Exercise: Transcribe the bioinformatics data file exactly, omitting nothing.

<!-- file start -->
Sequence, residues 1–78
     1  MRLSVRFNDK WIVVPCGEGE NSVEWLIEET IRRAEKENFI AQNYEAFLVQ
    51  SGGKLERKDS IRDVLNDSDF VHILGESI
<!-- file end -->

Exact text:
Sequence, residues 1–78
     1  MRLSVRFNDK WIVVPCGEGE NSVEWLIEET IRRAEKENFI AQNYEAFLVQ
    51  SGGKLERKDS IRDVLNDSDF VHILGESI